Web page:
Cancer log 28: People…

Cancer log 28: People are so nice. Here are just a few of the ways people have been nice to me lately:

  • banana nut muffins arrived on my doorstep just now, with a note suggesting they could make breakfast a little easier tomorrow (or lunch, snack, or freeze...)
  • my editors taking on some of my work to make it easier to finish the anthology
  • books being mailed to me (one on fighting cancer, one a cheerful picture book telling kids why mommy's hair is falling out)
  • my department hiring subs to cover classes I can't get to (this one is HUGE, and I am so glad my department has both the financial resources and the social will to support me in this way)
  • a mom at the school's PTA re-opening the after-school class registration so I could get Kavya into the new Indian dance class (that I helped organize adding to the curriculum!) -- I had been so harried the last two weeks that I'd missed the sign-up period, but she's in now!
  • a friend meeting Kavi at the bus stop and keeping her 'til 4-ish most days the past week, when I had hospital procedures
  • literally gazillion offers to help, and local people especially offering babysitting or grocery runs or hospital chauffering
  • many people who have been through cancer, or had a friend go through cancer, offering to be there as a resource, as needed
  • medical friends doing research to learn more about breast cancer and then offering me advice
  • doctor / hospital staff going out of their way to make things more comfortable / easier / possible for me
  • a glorious floral arrangement from my college roommate (that one is for wedding, not cancer, but including it because it's in the picture :-) )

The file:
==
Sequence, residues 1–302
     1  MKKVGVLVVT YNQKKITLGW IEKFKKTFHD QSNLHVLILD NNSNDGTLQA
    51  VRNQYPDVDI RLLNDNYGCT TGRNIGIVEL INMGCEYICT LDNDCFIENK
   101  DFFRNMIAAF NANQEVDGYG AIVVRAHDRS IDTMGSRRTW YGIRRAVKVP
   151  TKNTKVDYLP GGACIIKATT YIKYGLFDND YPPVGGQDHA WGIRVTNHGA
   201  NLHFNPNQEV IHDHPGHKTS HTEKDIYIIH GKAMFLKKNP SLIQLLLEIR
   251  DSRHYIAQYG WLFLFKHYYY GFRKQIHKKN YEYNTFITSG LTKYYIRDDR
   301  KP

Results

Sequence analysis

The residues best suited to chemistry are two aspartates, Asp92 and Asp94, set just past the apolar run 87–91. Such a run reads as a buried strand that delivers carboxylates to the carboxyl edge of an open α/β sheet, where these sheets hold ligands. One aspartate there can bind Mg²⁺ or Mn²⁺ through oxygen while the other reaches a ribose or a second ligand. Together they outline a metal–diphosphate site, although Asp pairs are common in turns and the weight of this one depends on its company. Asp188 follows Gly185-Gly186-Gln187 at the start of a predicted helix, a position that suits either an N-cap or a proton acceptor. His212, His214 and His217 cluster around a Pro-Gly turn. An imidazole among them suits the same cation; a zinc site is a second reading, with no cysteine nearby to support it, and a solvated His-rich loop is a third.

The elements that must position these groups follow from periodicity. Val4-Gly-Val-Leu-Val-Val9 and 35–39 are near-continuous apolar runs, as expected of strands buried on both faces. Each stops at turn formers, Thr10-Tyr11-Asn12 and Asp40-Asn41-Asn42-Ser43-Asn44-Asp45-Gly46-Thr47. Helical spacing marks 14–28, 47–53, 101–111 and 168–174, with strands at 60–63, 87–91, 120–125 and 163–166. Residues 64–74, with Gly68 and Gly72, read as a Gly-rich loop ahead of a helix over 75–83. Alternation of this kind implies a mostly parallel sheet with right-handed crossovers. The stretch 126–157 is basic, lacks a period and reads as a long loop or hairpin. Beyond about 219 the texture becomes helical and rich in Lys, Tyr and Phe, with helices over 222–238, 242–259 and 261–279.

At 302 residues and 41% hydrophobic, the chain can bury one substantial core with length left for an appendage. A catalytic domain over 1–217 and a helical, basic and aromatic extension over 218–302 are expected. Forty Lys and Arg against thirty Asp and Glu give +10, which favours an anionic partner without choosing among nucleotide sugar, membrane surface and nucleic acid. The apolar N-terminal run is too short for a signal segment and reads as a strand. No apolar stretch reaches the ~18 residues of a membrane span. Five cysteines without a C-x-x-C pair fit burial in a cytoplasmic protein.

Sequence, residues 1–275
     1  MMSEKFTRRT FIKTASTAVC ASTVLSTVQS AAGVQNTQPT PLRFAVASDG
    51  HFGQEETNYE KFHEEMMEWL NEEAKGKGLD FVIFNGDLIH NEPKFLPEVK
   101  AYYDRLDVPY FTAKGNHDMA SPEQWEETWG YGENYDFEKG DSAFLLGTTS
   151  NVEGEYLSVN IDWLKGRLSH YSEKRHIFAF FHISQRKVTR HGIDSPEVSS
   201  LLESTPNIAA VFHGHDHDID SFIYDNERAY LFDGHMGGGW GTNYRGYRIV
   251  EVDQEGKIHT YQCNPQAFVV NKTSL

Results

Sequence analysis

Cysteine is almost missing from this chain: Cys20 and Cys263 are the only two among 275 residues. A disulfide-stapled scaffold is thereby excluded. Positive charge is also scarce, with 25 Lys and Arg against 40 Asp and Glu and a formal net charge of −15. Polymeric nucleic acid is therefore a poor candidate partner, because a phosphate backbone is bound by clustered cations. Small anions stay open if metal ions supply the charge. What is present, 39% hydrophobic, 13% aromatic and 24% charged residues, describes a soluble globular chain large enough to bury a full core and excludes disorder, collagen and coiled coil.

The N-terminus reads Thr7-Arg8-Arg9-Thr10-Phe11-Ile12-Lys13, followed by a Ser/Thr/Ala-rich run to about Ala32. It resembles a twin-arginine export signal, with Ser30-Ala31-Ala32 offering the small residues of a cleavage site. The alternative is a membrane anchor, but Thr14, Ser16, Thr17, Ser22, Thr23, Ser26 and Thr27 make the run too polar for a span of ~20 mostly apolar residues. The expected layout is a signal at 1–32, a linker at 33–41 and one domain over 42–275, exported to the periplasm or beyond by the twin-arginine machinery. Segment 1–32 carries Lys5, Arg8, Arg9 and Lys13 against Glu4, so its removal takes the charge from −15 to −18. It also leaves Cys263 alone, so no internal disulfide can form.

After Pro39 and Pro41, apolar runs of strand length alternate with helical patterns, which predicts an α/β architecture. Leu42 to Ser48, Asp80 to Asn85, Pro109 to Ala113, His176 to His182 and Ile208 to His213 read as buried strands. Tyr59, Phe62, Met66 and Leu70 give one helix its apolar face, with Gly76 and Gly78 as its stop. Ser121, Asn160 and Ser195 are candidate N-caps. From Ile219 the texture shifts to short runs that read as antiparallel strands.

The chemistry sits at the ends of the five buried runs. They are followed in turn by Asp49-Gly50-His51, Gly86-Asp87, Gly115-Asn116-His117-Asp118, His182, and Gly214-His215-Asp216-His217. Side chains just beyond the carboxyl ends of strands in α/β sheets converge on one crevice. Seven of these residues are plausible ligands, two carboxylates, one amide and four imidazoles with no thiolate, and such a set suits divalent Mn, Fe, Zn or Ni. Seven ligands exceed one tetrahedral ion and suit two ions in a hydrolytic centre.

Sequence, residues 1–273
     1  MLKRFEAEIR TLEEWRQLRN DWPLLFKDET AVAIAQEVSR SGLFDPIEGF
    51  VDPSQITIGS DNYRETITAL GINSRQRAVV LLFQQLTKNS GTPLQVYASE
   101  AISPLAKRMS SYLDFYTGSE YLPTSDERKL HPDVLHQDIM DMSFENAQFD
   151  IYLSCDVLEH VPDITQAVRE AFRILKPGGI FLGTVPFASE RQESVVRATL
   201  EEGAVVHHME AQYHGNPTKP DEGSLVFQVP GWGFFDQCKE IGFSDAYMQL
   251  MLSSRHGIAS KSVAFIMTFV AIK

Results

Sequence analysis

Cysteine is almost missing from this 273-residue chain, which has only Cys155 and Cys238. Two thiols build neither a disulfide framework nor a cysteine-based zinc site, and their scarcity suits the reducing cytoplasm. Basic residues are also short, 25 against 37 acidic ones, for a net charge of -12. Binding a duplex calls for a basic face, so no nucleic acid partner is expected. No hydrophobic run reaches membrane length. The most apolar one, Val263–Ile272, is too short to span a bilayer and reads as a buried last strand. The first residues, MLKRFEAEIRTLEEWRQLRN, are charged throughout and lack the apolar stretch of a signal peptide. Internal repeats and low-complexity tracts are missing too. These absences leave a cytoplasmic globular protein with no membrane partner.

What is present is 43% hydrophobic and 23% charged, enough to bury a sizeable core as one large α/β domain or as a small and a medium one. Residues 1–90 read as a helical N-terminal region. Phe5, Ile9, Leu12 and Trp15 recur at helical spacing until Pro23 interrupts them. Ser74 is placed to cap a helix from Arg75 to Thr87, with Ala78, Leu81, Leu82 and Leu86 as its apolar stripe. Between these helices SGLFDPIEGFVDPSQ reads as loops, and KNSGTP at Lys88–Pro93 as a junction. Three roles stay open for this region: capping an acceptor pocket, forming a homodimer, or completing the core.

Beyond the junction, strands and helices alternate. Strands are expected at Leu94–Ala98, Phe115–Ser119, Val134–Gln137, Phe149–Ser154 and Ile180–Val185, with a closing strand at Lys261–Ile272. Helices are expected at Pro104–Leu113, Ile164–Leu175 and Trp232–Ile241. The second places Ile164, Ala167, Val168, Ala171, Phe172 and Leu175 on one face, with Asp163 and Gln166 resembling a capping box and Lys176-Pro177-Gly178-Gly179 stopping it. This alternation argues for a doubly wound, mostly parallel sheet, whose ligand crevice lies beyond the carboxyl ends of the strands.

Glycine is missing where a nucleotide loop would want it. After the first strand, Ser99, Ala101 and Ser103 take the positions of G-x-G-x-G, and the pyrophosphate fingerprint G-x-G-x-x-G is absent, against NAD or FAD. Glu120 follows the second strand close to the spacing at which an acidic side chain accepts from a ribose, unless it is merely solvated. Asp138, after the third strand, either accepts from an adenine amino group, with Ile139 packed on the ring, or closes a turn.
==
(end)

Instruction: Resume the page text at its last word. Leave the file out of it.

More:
I'm sure there are several more I'm forgetting. I wanted to list at least a few though, particularly because I know so often people want to help in this kind of situation, but aren't sure how to do it.

I know it's super old-fashioned to offer to bring a casserole, and it undoubtedly feels cheesy, but I have to say -- I think it's not a bad idea. I mean, we don't need fifty casseroles the first week -- we don't have the freezer space. But last night, we were too tired to cook after the day of procedures, and ended up ordering out; luckily, we can afford to do that on occasion, but I would not have turned up my nose at a casserole, esp. a kid-friendly one!

One thought on “Cancer log 28: People…”

  1. The problem is that everyone has a different idea of healthy/ kid friendly/ acceptable. I read this horrifying advice column where a daughter was still angry at the time her parents brought the wrong casserole prepartum, a year earlier. Dude, give the offending meal to your husband and have him buy you something. The grocery store sells premade meals, far cheaper than takeout, and most will defrost/bake mindlessly. I bet if you told a nghbor/friend what you would like, they would buy it/ repack it freezer size, e.g. an extra rotisserie chicken plus a frozen stir fry veg mix. I can’t tell you the number of times I thought to take something to my neighbor (husband sick/ died) but had no idea if she ate that. Extra chili has meat/spices, extra idli is ethnic, a bottle of tequila could exacerbate any depression, lentils/rice could seem cheap, sesame noodle may seem odd since i use buckwheat noodles. And thats not even dealing with kid palates.

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